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Shuttle loader project is biggest news of Grainland year PDF Print E-mail
Written by Brenda Johnson Brandt   

As of Aug. 31, 2012, Grainland Co-op completed its first full year as a non-leased CHS country operations retail business unit.

Grainland members were updated on the cooperative’s successful year at the annual meeting Tuesday, March 12.

In the financial report, assistant manager Gary Peintner said Grainland had a huge year, with $5,719,177 in net savings. He added it’s probably the best year Grainland has ever had.

Checks amounting to about $2.2 million were mailed out to patrons last month.

Board president Casey Gerk reported that the biggest news for Grainland is the shuttle loader project.

After a long wait and much concern for whether the project was going to happen, on Nov. 8, 2012, general manager Rick Unrein announced that the BNSF and NKC Railroad had settled on an agreement and Grainland could start on the $18 million shuttle loader project.

Gerk said it will take roughly 15,000 man-hours to complete the project that will include eight concrete silos holding an additional 1.4 million bushels of Grainland commodities. These commodities will be shipped directly into the global commodities market.

The shuttle loader will be built with the future in mind. It will include room for additional storage, the possibility of adding a dry fertilizer hub and the ability to unload unit trains of liquid fertilizer.

While talking about the shuttle loader, Gerk cited two commodities that are very important to Grainland­—millet and white wheat.

Gerk said Grainland handles roughly 10 percent of the U.S. millet crop. White wheat, another important commodity for Grainland, represented roughly 11.7 percent of the cooperative’s 2012 wheat crop.

Unrein said the entire shuttle loader project is expected to be completed and fully operational by wheat harvest in 2014. “We have high expectations of what this project will mean for the patrons of Grainland,” he added.

Much more of Grainland’s efforts in the near future will be focused on positioning the company to fully utilize the asset, which represents the largest expenditure ever taken on by the cooperative system in this area, said Unrein.

Not only will the shuttle loader project be going on this year, but Grainland will also have ongoing projects at New Haven, Fleming, Haxtun, Holyoke, Amherst, Julesburg and the stateline.

In his report for the year, Unrein said the decision by the patrons to fully integrate with CHS has brought benefits that simply can’t be matched.

As one example, Unrein noted that the year 2012 marked a significant change in how patronage is handled.

As a result of being fully part of CHS, 100 percent of the patronage and equity earned through Grainland goes directly to the individual patrons who earned it.

In the past, directors and management would have decided how much of that patronage would be paid out to the members, with the remainder being kept as retained savings. The same procedure would be used for local savings.

Now, as a part of CHS country operations, 100 percent of the patronage and local savings is paid out to members as patronage. This is why they’re seeing $5.2 million in patronage allocation for 2012.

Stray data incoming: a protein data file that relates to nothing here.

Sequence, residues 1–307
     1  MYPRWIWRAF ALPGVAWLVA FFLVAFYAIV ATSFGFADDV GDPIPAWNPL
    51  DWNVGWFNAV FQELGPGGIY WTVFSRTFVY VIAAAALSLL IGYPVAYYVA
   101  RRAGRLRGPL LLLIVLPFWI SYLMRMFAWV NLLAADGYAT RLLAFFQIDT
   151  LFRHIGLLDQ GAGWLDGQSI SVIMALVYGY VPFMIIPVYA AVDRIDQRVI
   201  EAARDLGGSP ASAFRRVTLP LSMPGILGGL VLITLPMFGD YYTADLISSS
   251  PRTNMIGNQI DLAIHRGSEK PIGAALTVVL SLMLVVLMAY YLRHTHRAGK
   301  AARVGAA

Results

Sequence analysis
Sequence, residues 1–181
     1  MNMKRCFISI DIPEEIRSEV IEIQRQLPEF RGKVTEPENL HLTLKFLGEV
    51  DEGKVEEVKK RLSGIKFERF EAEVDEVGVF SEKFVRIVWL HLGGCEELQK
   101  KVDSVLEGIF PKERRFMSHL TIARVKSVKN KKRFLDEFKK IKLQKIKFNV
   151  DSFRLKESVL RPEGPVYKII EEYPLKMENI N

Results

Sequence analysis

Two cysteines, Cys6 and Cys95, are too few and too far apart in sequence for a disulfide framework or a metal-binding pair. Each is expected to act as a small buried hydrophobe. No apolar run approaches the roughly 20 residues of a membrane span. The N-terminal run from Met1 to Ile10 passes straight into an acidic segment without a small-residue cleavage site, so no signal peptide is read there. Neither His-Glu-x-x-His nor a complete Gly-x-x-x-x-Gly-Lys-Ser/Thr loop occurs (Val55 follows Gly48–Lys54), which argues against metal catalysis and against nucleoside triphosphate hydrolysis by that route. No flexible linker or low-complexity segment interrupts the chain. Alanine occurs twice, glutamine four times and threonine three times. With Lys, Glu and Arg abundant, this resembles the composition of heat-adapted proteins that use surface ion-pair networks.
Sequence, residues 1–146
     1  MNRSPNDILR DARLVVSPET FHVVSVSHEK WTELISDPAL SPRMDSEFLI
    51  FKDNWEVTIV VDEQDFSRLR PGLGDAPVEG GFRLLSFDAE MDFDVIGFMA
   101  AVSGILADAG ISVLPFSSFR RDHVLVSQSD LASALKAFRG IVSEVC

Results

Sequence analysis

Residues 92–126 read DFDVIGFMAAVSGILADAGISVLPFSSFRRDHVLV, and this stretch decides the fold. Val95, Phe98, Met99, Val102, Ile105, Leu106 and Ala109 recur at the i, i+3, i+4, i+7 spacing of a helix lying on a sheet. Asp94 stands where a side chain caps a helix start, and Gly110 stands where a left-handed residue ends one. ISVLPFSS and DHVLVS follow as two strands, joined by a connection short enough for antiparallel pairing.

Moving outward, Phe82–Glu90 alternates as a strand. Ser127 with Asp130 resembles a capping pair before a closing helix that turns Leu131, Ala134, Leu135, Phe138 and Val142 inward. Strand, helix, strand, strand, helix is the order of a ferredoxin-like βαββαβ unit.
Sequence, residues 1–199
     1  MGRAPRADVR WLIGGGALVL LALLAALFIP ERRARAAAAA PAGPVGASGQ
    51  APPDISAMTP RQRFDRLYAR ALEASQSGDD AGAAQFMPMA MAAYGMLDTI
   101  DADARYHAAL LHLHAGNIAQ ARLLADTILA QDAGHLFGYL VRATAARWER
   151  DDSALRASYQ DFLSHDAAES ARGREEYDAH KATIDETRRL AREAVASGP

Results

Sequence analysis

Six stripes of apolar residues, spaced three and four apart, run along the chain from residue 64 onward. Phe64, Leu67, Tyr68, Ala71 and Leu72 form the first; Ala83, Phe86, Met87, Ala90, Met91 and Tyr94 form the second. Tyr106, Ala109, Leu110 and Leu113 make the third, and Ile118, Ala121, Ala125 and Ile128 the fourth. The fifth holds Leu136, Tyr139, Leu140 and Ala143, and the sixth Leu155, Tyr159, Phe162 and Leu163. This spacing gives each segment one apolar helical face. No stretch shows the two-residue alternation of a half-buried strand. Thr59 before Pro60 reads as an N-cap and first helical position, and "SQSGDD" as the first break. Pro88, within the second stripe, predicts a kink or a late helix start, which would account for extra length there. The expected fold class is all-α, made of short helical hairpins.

Additionally, Unrein said this patronage allocation also includes farm picked-up grain and large volume fuel purchases, which were never eligible for patronage in the past.

Since Grainland is part of CHS, Gerk told the members about a major project they’re working on. CHS is moving forward on a natural-gas-fired nitrogen fertilizer plant in Spiritwood, N.D.

When the plant is up and running, it will produce 2,200 tons of ammonia a day. It will convert natural gas into anhydrous, urea and 11-52-0. Gerk said CHS hopes to have the project completed in 2016 at a cost of $1-1.4 billion.

This is a major investment and source of nitrogen for the future, and Gerk said it is hoped Grainland will see good dividends.

CHS just reported a record year of $1.26 billion net income on revenues of $40.6 billion and returned $600 million to its owners in cash. With this being Grainland’s first year as part of CHS, Gerk pointed out it looks like the two work well together.

“Grainland Co-op today is on the right track, headed in the right direction,” said Gerk. “The future of Grainland and CHS looks really good because we are made up of farmers, ranchers and employees who are not just along for the ride.”

Unrein assured the membership that every decision he helps make is relevant to the future of the organization and communities—not only in asset planning but in operations.

CHS regional director Gary Goodroad reiterated the value of the partnership between CHS and Grainland.

He touched on the vision and mission of the organization and reported on expansion of CHS’s global footprint.

He gave more details on the nitrogen plant in Spiritwood, N.D. that was announced last September and said they hope to bring back some tremendous patronage through CHS through Grainland.

 

Four directors elected

Four candidates were elected, after running unopposed for board of director positions at last week’s annual meeting.

Those elected were incumbents Paul Schmidt from District 3, Mark Gueck from District 2 and Dave Carlson from District 1; and newcomer Kent Bamford from District 1.

Dan Ortner leaves the board this year after 18 years of service on the Amherst Co-op and Grainland boards. Ortner and Les Peterson, who served for 17 years on the Amherst and Grainland boards, were presented with plaques acknowledging their dedicated service.

A meal was served prior to the meeting by Bill Pelle with the help of Haxtun FFA members. Whitney Powell entertained with piano music as members entered the auditorium for the meeting.

Following the business portion of the meeting, a drawing for numerous prizes was held.


Holyoke Enterprise March 21, 2013